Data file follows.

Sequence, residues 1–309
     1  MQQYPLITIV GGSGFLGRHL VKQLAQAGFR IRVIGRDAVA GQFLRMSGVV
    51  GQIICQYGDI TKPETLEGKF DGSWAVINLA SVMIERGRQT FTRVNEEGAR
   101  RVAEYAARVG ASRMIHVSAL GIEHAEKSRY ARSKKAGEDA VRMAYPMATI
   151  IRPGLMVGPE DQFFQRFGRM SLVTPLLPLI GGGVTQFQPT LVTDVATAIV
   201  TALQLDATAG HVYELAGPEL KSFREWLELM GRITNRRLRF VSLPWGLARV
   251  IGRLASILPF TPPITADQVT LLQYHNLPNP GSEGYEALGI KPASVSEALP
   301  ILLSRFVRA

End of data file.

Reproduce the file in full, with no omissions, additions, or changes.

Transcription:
Sequence, residues 1–309
     1  MQQYPLITIV GGSGFLGRHL VKQLAQAGFR IRVIGRDAVA GQFLRMSGVV
    51  GQIICQYGDI TKPETLEGKF DGSWAVINLA SVMIERGRQT FTRVNEEGAR
   101  RVAEYAARVG ASRMIHVSAL GIEHAEKSRY ARSKKAGEDA VRMAYPMATI
   151  IRPGLMVGPE DQFFQRFGRM SLVTPLLPLI GGGVTQFQPT LVTDVATAIV
   201  TALQLDATAG HVYELAGPEL KSFREWLELM GRITNRRLRF VSLPWGLARV
   251  IGRLASILPF TPPITADQVT LLQYHNLPNP GSEGYEALGI KPASVSEALP
   301  ILLSRFVRA